Although breast cancer screening with mammography and magnetic resonance imaging (MRI) is recommended for breast cancer-susceptibility gene (BRCA) mutation carriers, there is no current consensus on the optimal screening regimen.
The authors used a computer simulation model to compare 6 annual screening strategies (film mammography [FM], digital mammography [DM], FM and magnetic resonance imaging [MRI] or DM and MRI contemporaneously, and alternating FM/MRI or DM/MRI at 6-month intervals) beginning at ages 25 years, 30 years, 35 years, and 40 years, and 2 strategies of annual MRI with delayed alternating DM/FM versus clinical surveillance alone. Strategies were evaluated without and with mammography-induced breast cancer risk using 2 models of excess relative risk. Input parameters were obtained from the medical literature, publicly available databases, and calibration.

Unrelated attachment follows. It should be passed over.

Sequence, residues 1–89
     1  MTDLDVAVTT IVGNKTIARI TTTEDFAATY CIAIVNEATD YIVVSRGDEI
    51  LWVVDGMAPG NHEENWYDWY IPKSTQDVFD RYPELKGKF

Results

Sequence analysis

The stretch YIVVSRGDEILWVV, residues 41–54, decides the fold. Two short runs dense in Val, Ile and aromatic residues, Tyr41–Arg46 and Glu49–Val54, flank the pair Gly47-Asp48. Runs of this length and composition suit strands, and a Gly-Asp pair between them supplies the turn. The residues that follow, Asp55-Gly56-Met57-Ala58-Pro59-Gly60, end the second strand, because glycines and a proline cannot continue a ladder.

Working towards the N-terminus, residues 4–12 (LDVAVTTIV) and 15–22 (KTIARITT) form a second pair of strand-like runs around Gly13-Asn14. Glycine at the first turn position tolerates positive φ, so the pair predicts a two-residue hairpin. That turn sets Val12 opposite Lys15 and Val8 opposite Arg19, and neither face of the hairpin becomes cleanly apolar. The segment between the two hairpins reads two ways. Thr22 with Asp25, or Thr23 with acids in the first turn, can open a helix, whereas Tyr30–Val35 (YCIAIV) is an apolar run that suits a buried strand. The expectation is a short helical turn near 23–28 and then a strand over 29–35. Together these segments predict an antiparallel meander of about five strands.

Without radiation risk effects, alternating DM/MRI starting at age 25 years provided the highest life expectancy (BRCA1, 72.52 years, BRCA2, 77.63 years). When radiation risk was included, a small proportion of diagnosed cancers was attributable to radiation exposure (BRCA1, <2%; BRCA2, <4%). With radiation risk, alternating DM/MRI at age 25 years or annual MRI at age 25 years/delayed alternating DM at age 30 years was the most effective, depending on the radiation risk model used. Alternating DM/MRI starting at age 25 years also produced the highest number of false-positive screens per woman (BRCA1, 4.5 BRCA2, 8.1).
Annual MRI at age 25 years/delayed alternating DM at age 30 years is probably the most effective screening strategy in BRCA mutation carriers. Screening benefits, associated risks, and personal acceptance of false-positive results should be considered in choosing the optimal screening strategy for individual women.